The Simpsons: 10 Times Mr. Burns was a Good Person | ScreenRant

When it comes to villains, Charles Montgomery Burns is as evil as they come. He’s kidnapped puppies, stolen Christmas, run over Bart Simpson and much more. Despite his flaws, he is still a lonely and frail old man. As evil as he can be, even Mr. Burns has a soft side.

There have been plenty of instances in The Simpsons where his moral alignment has gone from evil to good. While it does not always last long, he has proven that even he can act like a decent human being.

Here are the 10 times that Mr. Burns was a good person.

RELATED: The Simpsons: 10 Most Hilarious Mr. Burns Quotes

10 He becomes nice while he is high

Mr. Burns’ personality sometimes changes when he is exposed to certain types of medication or illicit substances. In “Team Homer”, simply sniffing traces of ether is enough to change his personality. In this state, he hallucinates people as cartoon mascots. He is also susceptible to favors, which Homer Simpson takes advantage of to get $500 from him.

In “The Springfield Files”, it is revealed that due to his advanced age Burns requires extensive medical treatments to survive. This includes injecting himself with painkillers. While in his system, his evil personality is replaced with a much kinder one. He then wanders around a forest, wishing love and peace to everyone he meets.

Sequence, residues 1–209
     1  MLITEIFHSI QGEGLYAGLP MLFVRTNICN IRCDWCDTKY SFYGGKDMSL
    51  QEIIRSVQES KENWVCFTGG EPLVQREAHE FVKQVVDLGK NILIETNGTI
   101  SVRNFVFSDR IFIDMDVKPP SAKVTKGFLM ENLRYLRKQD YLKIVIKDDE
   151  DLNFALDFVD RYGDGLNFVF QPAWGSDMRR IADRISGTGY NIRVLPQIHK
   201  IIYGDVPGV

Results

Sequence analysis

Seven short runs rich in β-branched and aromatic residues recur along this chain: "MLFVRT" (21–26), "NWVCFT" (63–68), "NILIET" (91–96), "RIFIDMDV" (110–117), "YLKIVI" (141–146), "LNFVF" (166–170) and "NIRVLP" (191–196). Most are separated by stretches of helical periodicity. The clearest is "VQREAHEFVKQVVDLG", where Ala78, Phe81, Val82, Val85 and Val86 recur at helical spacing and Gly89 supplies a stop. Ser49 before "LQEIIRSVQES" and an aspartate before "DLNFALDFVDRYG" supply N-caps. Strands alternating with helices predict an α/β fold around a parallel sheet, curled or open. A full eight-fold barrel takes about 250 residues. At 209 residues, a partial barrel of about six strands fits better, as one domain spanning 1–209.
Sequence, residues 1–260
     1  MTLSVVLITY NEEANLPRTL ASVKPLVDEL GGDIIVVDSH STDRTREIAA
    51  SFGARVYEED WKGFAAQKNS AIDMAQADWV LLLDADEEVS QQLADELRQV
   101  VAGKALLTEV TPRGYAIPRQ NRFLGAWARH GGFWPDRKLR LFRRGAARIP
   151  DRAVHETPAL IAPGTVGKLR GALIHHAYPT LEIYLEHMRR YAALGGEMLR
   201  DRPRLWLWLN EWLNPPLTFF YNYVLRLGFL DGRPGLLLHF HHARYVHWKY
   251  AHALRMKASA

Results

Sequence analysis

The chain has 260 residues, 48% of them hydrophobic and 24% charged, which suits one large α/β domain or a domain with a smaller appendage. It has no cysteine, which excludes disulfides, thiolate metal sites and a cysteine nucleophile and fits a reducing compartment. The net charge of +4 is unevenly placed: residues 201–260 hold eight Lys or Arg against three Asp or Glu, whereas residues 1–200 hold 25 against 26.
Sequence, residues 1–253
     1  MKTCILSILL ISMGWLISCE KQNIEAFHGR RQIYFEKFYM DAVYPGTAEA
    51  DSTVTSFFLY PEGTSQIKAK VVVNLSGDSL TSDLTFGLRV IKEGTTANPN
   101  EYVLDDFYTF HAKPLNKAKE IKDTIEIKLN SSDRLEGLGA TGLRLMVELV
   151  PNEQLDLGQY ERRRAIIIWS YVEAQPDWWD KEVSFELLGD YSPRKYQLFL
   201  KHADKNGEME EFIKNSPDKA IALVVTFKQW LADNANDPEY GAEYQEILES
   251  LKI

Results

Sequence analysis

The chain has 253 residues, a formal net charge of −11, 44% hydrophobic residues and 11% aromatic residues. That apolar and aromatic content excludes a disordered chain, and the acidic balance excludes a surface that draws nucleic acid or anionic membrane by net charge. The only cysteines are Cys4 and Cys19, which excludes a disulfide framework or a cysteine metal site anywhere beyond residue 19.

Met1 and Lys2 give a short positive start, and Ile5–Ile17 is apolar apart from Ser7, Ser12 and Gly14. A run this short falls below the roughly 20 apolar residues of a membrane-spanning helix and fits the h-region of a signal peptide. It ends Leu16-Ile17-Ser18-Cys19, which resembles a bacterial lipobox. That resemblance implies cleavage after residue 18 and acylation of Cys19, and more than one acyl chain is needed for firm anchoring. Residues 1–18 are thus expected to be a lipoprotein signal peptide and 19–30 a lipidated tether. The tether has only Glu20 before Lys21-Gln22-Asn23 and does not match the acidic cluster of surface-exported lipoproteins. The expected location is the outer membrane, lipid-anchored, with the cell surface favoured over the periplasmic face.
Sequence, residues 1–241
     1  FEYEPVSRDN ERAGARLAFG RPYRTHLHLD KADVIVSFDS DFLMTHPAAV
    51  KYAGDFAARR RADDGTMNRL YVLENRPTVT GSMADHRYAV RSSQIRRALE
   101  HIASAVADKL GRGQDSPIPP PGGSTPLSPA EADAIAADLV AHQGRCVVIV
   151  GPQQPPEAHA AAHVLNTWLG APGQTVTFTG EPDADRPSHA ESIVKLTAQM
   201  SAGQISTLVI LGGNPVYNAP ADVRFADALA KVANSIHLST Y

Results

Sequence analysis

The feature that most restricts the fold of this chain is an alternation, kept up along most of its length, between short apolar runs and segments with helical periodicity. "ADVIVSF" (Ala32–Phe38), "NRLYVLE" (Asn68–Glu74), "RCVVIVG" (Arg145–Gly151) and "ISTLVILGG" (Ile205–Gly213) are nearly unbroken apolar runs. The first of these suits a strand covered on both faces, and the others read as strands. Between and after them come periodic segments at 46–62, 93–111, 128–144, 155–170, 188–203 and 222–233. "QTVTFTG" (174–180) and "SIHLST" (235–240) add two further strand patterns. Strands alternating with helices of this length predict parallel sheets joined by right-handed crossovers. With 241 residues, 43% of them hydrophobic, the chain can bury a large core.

9 He saved Springfield Elementary from financial debt

After Springfield Elementary is tricked by the Mafia into a $200,000 debt, principal Seymore Skinner is forced to close the school. They turn to Mr. Burns for support, but he rejects their pleas.

RELATED: The Simpsons: 10 Most Hilarious Principal Skinner Quotes

This forces the school to accept the aid of Kid First Industries, who uses the students to create a new Christmas toy called Funzo. While adorable, it is secretly programmed to eliminate toys made from rival companies. In the end, Burns donates the money to help save the school from its debt after being visited by three ghosts. While it may have only been brief, this moment shows that even Mr. Burns has some morality in him.

8 He has a soft spot for manatees

Considering how evil Burns is towards people, it is not that surprising that his evil extends to animals as well. On more than one occasion, he has committed severe acts of animal cruelty. However, there have been moments where he shows both mercy and concern towards certain animals like his hounds.

In “The Bonfire of the Manatees”, he appears to have a soft spot for manatees as well. After Homer uses one to take his place at work, Burns instantly takes a liking to the gentle creature. When it suffers from dehydration, Burns takes immediate action to save by giving it a bath. An activity he seems to really enjoy.

7 He was concerned for Carl’s wellbeing